Why does Joe feel guilty in All My Sons?

In Arthur Miller’s All My Sons, Joe Keller feels guilty because he knows that he was responsible for the deaths of twenty-one pilots during World War II, was possibly responsible for the death of his son Larry, and his former business partner remains in prison, convicted for those deaths. Joe has tried desperately to rationalize his actions, and his family has heretofore stood by him, but he cannot, ultimately, escape responsibility.

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In Arthur Miller’s play All My Sons, Joe Keller feels guilty because he carries within himself the knowledge that he was responsible for the deaths of twenty-one pilots during World War II, the knowledge that he was possibly responsible for the death of his son Larry, a pilot who disappeared during the war and is presumed dead, and because Joe’s former business partner is rotting away in prison.

Joe’s guilt is the theme that runs throughout All My Sons. The title itself is a reference to a statement Joe makes near the play’s end. Arguing with a now-accusatory Chris, the younger of Joe’s two sons, regarding Joe’s responsibility for the deaths of the pilots and, possibly, of Larry, Joe is increasingly distraught and inching closer to the suicidal act that ends Miller’s story. The character of “Kate/Mother,” Joe’s wife, is holding firm to the notion that Joe holds no responsibility for the deaths and, even if he does, that returning to prison will not bring back Larry, their son. To this, Joe replies, “Sure, he was my son. But I think to him [meaning Chris and referencing the dead pilots] they were all my sons.”

The Keller family has stood by Joe throughout the ordeal involving the pilots’ deaths, the newspaper stories about Joe’s involvement in shipping defective cylinder heads to the military, and Joe’s subsequent imprisonment and exoneration. Ann, Larry’s girlfriend who is now set to marry Chris, has harbored intense resentment against her imprisoned father, believing that he was the guilty party. As the play develops, Joe’s guilt becomes increasingly apparent and his attempts at defending his former partner more and more pathetic. In the following exchange, Ann struggles to understand Joe’s refusal to demonize Steve, Ann’s father, while Joe poses as a humanitarian, attempting to morally exonerate his former partner:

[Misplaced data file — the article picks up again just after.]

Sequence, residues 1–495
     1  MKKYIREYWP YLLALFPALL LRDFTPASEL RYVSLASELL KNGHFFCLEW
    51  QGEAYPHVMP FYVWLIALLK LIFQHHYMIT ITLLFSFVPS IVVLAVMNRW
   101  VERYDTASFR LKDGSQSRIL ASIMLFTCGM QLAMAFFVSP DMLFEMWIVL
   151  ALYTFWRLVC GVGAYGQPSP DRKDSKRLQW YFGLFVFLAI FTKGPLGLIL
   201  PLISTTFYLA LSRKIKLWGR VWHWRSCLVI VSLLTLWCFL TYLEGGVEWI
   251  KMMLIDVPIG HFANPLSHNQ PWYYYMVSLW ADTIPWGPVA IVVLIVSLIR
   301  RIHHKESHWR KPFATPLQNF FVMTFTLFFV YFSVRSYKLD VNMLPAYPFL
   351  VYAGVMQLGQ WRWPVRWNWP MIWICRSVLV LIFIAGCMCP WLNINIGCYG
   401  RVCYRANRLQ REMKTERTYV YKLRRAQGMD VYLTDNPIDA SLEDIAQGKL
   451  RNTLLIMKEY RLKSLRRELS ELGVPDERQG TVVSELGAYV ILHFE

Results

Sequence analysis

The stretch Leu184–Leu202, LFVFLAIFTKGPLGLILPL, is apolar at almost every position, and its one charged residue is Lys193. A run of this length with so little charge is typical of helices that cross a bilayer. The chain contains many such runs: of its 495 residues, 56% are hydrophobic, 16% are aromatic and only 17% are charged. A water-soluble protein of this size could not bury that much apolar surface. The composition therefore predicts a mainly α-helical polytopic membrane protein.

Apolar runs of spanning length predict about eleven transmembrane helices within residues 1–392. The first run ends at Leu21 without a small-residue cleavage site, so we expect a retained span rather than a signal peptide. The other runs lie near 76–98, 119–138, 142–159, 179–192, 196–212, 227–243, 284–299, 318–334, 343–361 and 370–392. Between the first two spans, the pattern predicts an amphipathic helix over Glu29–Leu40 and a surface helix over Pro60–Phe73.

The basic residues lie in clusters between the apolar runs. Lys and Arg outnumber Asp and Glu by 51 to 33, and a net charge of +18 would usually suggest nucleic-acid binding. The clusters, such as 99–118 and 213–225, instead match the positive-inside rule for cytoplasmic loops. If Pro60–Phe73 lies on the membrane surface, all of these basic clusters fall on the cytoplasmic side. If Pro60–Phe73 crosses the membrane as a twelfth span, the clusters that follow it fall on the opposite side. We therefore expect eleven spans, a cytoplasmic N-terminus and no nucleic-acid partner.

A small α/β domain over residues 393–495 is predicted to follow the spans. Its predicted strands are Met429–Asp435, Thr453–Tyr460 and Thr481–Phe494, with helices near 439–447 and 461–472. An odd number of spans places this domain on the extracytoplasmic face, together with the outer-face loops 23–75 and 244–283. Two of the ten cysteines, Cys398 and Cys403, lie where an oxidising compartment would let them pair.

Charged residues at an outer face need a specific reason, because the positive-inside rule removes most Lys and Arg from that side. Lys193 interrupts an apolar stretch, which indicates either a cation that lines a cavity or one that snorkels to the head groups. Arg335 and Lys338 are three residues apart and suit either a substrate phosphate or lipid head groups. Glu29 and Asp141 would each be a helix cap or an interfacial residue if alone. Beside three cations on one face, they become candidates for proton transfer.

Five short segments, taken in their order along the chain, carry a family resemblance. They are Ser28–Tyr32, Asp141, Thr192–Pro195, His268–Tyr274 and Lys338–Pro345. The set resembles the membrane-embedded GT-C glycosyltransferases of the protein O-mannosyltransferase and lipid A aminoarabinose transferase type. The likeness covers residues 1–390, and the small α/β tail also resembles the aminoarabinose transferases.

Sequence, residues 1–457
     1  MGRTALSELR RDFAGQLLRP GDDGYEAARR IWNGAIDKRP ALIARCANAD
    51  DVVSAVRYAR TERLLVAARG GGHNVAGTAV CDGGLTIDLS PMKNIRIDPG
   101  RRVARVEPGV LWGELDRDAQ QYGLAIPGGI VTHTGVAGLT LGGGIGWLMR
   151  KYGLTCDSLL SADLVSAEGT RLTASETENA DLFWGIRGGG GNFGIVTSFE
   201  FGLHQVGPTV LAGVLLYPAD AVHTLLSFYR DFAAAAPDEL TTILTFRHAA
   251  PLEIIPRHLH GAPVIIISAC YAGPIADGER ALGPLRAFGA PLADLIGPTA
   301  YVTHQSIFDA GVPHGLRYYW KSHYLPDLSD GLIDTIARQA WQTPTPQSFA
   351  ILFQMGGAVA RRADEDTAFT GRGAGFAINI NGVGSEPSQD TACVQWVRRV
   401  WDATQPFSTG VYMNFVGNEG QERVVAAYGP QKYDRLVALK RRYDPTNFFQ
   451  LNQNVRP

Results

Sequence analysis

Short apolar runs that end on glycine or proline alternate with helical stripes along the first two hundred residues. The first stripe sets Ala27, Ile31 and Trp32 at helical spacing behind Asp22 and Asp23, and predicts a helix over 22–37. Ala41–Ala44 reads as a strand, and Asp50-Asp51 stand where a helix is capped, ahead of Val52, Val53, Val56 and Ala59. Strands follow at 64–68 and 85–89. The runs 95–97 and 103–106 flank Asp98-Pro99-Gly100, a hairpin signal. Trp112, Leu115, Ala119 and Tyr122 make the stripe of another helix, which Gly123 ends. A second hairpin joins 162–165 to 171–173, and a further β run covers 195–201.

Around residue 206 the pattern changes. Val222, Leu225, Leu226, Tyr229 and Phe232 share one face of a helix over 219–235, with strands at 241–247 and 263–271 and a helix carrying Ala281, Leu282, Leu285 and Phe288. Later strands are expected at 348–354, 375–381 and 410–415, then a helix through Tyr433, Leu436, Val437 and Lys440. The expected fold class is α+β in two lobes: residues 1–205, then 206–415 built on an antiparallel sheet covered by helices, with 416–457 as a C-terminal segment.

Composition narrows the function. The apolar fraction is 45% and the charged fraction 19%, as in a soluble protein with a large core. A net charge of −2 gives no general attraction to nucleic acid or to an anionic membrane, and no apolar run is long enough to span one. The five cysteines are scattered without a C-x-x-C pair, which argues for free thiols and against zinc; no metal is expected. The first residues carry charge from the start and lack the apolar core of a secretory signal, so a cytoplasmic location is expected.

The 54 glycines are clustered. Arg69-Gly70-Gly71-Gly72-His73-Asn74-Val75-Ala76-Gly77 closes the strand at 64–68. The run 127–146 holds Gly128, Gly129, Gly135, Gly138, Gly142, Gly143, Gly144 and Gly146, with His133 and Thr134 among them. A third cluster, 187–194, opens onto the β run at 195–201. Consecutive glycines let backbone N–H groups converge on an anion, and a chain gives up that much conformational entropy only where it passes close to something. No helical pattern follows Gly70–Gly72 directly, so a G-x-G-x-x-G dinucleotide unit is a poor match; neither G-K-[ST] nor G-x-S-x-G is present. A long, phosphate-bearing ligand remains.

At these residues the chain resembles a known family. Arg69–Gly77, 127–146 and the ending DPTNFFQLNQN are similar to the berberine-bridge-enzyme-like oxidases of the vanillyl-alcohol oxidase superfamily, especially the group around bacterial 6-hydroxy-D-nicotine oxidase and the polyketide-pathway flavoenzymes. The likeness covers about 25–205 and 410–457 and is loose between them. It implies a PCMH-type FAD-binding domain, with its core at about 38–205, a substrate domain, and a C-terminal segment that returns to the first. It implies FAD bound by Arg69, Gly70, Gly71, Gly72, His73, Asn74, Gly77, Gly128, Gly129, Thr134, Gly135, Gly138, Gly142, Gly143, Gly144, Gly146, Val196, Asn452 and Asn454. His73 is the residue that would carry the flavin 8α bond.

Ann: (surprised) Don't you hold anything against him?

Keller: Annie, I never believed in crucifying people.

Ann: (mystified) But he was your partner, he dragged you through the mud.

Keller: Well, he ain't my sweetheart, but you gotta forgive, don't you?

Joe’s decision to take his life rather than return to prison and carry the stigma of having murdered twenty-one pilots during the war represents the culmination of a protracted process of attempting to bury the past while prospering in the post-war world. His final attempt at explaining his actions in allowing defective aircraft parts to be shipped represents a tortured assessment of a difficult decision incorrectly and criminally made:

Keller: By the time they could spot them [the cracks in the cylinder heads] I thought I'd have the process going again, and I could show them they needed me and they'd let it go by. But weeks passed and I got no kick‐back, so I was going to tell them.

Chris: Then why didn't you tell them?

Keller: it was too late. The paper, it was all over the front page, twenty-one went down, it was too late. They came with handcuffs into the shop, what could I do? (He sits on bench) Chris ... Chris, I did it for you, it was a chance and I took it for you. I'm sixty-one years old, when would I have another chance to make something for you? Sixty-one years old you don't get another chance, do you?

Joe’s lament that he did this for Chris’s sake is a classic justification for knowing right from wrong but choosing the latter. Joe is guilty of the deaths of the pilots, probably of Larry (as suggested in Larry’s letter to Ann, read by Chris), and of the imprisonment and ruin of Steve. Joe Keller feels guilty because, inside, he knows that he is guilty.

Last Updated by eNotes Editorial on

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